The empirical evidence, both in India and elsewhere, is mixed. Research in rural and urban settings in India have found that women's participation in employment or related activities – both before and after marriage – is associated with greater reporting of domestic violence (Kishor & Johnson, 2004; Krishnan, 2005; Rocca et al., 2008; Verma & Collumbien, 2003). In cross-sectional analyses of baseline data from our study in urban Bangalore, women who participated in vocational training after marriage were more likely to experience violence (adjusted OR=3.1, 95% CI: 1.7-5.8)(Rocca et al., 2008). In contrast, research in the southern state of Kerala found that women with regular employment were less likely to report ever having experienced physical domestic violence than unemployed women (Panda & Agarwal, 2005).

Power dynamics within marital relationships and the risk of domestic violence are likely to be shaped not only by women's employment but also by their husbands' employment status (Benson, Fox, DeMaris, & Van Wyk, 2003; Fox, Benson, DeMaris, & Van Wyk, 2002; Macmillan & Gartner, 1999). In India, a husband's ability to provide economically for the family is intimately linked to notions of masculinity as well as personal and family honor. A study of married men and women in a working class community in suburban Mumbai found that men's failure to provide economically for the family did not go unnoticed and often led to criticism by neighbors (George, 2006). Research has also highlighted the challenges that men in urban poor communities face in meeting their role as economic providers, including difficulties in securing steady employment and alcohol dependency, which can lead to frustration, stress, marital discord and domestic violence (George, 2006; Krishnan, Iyengar, Pande, Subbiah, Roca, Anuradha R et al., 2005; Sivaram, Latkin, Solomon, & Celentano, 2006). In a cross-sectional survey of urban and rural women in Kerala, women whose husbands were employed were significantly less likely to report physical domestic violence when compared to women with unemployed husbands in adjusted analyses (OR=0.2, 95% CI: 0.1-0.3 for both regular and irregular employment)(Panda & Agarwal, 2005).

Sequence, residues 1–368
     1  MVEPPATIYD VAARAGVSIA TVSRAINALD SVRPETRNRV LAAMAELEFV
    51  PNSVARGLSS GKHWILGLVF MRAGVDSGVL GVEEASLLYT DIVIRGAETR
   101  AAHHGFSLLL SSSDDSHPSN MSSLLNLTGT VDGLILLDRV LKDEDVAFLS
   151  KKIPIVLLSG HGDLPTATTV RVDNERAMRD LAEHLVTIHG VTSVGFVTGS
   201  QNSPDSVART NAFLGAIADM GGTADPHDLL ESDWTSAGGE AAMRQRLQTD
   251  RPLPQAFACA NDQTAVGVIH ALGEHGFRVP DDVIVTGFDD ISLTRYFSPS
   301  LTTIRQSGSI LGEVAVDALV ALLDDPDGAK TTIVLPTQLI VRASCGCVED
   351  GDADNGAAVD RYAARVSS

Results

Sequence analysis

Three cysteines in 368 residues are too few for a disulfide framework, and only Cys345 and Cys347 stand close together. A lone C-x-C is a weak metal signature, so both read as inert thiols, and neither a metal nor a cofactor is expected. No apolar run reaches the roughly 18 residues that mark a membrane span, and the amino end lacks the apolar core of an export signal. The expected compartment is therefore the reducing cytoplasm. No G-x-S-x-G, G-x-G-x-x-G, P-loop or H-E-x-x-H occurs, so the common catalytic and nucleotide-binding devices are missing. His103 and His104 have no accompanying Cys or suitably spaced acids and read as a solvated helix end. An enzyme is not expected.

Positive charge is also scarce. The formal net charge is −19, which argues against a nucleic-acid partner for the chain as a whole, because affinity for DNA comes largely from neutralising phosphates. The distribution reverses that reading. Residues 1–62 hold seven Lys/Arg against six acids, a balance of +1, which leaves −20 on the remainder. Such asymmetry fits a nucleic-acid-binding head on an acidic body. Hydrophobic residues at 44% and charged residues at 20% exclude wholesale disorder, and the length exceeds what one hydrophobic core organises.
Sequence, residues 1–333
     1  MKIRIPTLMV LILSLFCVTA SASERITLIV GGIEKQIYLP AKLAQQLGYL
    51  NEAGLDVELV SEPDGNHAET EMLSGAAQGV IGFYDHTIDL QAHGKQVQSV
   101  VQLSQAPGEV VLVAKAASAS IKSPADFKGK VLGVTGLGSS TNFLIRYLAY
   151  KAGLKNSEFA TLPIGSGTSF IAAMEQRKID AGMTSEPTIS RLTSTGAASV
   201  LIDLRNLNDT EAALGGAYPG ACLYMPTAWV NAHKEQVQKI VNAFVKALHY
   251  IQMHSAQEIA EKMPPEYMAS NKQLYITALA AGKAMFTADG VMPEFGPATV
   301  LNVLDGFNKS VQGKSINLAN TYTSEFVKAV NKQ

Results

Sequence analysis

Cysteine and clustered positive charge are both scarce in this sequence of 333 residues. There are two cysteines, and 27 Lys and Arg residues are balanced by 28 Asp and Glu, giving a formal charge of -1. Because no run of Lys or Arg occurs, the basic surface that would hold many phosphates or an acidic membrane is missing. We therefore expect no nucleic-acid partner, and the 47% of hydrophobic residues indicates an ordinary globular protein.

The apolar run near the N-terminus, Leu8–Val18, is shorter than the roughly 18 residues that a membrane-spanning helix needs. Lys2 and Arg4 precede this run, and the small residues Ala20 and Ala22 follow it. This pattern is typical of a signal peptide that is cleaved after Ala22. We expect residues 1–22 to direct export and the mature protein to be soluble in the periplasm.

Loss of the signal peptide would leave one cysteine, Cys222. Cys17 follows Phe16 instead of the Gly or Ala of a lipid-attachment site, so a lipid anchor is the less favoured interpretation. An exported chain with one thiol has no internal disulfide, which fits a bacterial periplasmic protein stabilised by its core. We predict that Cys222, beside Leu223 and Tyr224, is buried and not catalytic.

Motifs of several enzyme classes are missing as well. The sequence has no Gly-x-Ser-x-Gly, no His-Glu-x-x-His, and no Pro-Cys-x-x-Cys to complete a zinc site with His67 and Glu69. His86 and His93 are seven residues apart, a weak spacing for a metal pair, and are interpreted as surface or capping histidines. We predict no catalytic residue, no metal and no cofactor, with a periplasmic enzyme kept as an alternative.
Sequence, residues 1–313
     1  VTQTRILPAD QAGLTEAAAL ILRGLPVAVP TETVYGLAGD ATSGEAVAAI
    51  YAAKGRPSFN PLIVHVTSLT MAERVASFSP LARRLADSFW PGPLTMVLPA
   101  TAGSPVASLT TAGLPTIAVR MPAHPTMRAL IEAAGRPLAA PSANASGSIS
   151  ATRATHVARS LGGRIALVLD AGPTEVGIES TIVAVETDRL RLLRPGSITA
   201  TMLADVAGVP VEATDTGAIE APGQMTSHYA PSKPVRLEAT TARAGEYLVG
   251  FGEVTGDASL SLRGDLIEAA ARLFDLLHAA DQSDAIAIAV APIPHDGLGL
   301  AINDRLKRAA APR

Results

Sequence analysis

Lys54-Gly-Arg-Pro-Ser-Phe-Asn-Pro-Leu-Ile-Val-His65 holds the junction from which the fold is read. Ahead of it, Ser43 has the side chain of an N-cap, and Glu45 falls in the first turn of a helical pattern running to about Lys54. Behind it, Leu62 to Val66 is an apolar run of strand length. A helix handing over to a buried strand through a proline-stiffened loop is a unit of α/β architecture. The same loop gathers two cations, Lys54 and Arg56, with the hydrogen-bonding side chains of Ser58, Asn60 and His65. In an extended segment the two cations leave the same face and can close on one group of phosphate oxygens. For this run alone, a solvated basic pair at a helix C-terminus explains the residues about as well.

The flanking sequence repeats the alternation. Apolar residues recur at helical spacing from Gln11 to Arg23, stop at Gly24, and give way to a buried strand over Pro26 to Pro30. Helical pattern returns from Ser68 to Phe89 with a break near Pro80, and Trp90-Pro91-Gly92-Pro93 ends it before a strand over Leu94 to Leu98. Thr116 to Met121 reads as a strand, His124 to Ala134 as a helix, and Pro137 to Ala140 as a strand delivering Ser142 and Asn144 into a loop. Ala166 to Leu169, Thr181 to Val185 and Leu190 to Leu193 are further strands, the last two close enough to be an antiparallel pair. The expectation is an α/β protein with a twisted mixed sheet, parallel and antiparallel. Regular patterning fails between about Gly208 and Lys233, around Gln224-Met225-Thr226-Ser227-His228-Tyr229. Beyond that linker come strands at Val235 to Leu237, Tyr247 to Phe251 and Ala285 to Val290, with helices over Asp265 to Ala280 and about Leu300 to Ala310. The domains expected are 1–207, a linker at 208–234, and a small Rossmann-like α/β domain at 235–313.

Inconsistencies in women's and husbands' employment status have also been hypothesized to affect domestic violence risk (Benson et al., 2003; Fox et al., 2002; Macmillan & Gartner, 1999). In multivariable analyses of cross-sectional data from seven rural and urban sites across India, the odds of reported violence were two times greater among employed women whose husbands were unemployed in comparison to unemployed women whose husbands worked (OR=2.2, 95% CI: 1.3-3.4); a slightly elevated odds of violence (OR = 1.2, 95% CI: 1.0-1.4) was also observed when both women and their husbands were employed (Jeyaseelan, Kumar, Neelakantan, Peedicayil, Pillai, & Duvvury, 2007). Similar findings have been reported in a survey of urban and rural communities in Kerala (Panda & Agarwal, 2005).

Taken together, research to date suggests that the employment status of both women and their husbands are associated with women's risk of domestic violence. However, existing research is entirely based on cross-sectional surveys, which cannot establish a temporal relationship. Thus, it is unclear whether, for example, experiencing domestic violence leads women to seek out employment or whether women's employment leads to marital discord and violence. Our research improves upon existing studies of domestic violence by prospectively examining the relationships between spousal employment status and domestic violence in the context of a 24-month longitudinal study (the Samata Health Study) of the association between gender-based power and susceptibility to HIV and other sexually transmitted infections among young, married women in the southern Indian metropolis, Bangalore.

Theoretical Approach and Hypotheses

Our analysis draws upon Kabeer's model of women's empowerment and other theoretical frameworks that have guided domestic violence research, specifically, theories of family stress and resources and the concept of hegemonic masculinity (Connell, 1987; Connell & Messerschmidt, 2005; Dutton, 1988; Goode, 1971; Greenfield, Rand, Craven, Klaus, Perkins, Warchol et al., 1998; Hornung, McCullough, & Sugimoto, 1981; Kabeer, 1999). These theoretical approaches frame the relationship between spousal employment status and domestic violence in different ways and shaped the hypotheses that we examined in this study.